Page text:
New York had previously not been included amongst the contenders touted for a possible US Olympic Committee (USOC) effort to target the 2024 Games. However, it emerged earlier this month that Dan Doctoroff, the key figure behind the city’s failed bid for the 2012 Games and a top official under former Mayor Michael Bloomberg, had addressed the possibility of pursuing the 2024 Games with Governor Andrew Cuomo’s administration.
De Blasio’s administration has decided not to pursue the Games after looking at the pros and cons of bidding for and hosting the event, Alicia Glen, Deputy Mayor for Housing and Economic Development, told the Wall Street Journal. Glen said that De Blasio (pictured), along with other top officials at City Hall, recently reviewed the possibility of a bid for the 2024 Games and decided it ‘doesn’t make sense.’
She added that many cities pursue the Games because it brings recognition, but ‘very few people would say that New York City is not quote on the map and is not a major global city.’ Regarding a potential tourism boost from hosting the Olympics, Glen stated the city already was experiencing record-high tourism numbers, with more than 54 million visitors last year. ‘Our feeling is that you could actually deter tourism to some extent by hosting an Olympic Games,’ she said.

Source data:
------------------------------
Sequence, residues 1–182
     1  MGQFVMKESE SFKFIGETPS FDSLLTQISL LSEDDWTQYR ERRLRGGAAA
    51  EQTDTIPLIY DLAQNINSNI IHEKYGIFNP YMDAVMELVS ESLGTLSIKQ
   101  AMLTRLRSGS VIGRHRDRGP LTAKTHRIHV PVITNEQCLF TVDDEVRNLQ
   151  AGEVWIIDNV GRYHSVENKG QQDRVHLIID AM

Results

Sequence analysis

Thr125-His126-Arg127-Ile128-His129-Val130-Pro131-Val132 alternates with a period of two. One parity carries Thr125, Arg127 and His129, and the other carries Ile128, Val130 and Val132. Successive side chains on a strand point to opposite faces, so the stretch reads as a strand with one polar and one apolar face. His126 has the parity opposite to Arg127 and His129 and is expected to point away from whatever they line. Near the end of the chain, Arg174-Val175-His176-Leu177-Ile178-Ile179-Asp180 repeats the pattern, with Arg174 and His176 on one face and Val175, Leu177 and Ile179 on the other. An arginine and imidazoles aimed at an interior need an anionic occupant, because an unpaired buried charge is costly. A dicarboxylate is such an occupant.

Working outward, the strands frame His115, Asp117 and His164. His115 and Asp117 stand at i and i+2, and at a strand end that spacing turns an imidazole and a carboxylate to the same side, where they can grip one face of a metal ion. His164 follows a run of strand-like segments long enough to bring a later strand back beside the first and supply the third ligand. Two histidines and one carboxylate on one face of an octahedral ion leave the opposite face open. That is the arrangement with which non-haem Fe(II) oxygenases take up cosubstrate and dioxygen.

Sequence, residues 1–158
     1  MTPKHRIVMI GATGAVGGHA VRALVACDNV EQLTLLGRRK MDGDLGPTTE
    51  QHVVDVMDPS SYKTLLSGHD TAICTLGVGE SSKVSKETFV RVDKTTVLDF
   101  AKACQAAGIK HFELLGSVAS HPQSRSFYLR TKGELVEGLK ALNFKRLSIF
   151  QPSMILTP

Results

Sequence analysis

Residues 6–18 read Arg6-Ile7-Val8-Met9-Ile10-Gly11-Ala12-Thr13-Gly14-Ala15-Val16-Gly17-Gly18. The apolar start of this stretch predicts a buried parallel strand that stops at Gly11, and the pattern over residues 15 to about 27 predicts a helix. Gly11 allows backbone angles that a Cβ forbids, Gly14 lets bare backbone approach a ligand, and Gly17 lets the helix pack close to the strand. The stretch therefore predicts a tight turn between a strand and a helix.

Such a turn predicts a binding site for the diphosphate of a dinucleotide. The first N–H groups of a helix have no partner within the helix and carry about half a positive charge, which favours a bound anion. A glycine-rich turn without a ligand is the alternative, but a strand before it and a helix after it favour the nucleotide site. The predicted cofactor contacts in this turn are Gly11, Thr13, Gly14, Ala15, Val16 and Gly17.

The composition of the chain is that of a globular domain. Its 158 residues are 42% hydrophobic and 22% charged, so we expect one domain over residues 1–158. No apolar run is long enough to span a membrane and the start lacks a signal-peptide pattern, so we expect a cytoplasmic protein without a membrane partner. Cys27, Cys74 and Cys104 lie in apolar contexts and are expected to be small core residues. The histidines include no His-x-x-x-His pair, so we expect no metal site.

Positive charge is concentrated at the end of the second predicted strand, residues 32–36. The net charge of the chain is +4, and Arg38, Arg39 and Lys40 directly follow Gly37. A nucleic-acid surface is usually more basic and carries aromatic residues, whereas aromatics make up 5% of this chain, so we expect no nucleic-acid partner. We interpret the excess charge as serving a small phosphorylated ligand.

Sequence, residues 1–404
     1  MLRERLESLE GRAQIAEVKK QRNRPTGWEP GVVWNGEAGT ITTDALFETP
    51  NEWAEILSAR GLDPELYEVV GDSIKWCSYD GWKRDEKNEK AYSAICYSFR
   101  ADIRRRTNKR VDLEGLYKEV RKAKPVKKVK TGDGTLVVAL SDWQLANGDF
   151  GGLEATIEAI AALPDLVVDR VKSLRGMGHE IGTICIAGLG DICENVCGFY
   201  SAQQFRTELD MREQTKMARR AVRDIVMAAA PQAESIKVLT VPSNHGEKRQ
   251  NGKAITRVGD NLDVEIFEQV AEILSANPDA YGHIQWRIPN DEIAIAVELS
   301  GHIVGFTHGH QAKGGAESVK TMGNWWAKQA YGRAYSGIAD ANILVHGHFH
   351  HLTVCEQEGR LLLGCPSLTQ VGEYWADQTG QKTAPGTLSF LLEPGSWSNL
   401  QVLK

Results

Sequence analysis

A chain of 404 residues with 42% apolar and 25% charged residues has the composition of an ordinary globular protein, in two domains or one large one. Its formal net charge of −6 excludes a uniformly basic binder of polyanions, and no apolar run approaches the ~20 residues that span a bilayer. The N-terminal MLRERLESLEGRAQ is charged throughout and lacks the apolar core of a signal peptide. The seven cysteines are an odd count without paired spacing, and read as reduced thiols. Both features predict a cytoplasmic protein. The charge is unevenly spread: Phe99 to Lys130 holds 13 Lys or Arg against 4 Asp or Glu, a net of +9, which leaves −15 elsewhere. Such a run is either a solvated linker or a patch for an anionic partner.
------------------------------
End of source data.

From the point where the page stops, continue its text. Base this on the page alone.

Glen added: ‘I think when you actually ask the average New Yorker on the street whether or not the city should be focusing its planning effort, its infrastructure effort, its policing, its transportation around an event that will happen for three weeks in the summer 10 years from now, versus getting down to business with all of the challenges and opportunities we have in front of us right now, I’m pretty sure that the vast majority of New Yorkers would say, ‘I’d rather watch it on my big screen TV at home’.’
Glen maintained that only informal discussions were held with Doctoroff, adding that officials would re-evaluate the situation in four years’ time should the USOC express an interest in staging the 2028 Olympics. Speaking last month, the USOC’s chief executive Scott Blackmun said that a shortlist of two or three cities for a bid for the 2024 Games would be drawn up by June. The USOC in February 2013 issued a letter to the mayors of 35 cities in an effort to gauge interest in a possible tilt at the summer Games. The letter was sent to the United States’ 25 largest cities, along with 10 others.
San Diego, San Francisco, Los Angeles, Boston, Dallas, Philadelphia and Washington D.C. are all believed to be interested in becoming USOC’s candidate for a 2024 Games bid, with a decision over one candidate needed by the end of the year. The United States has not hosted the summer Olympics since Atlanta in 1996, while Salt Lake City was the last American city to stage the winter Games in 2002. New York has never hosted the Olympics.
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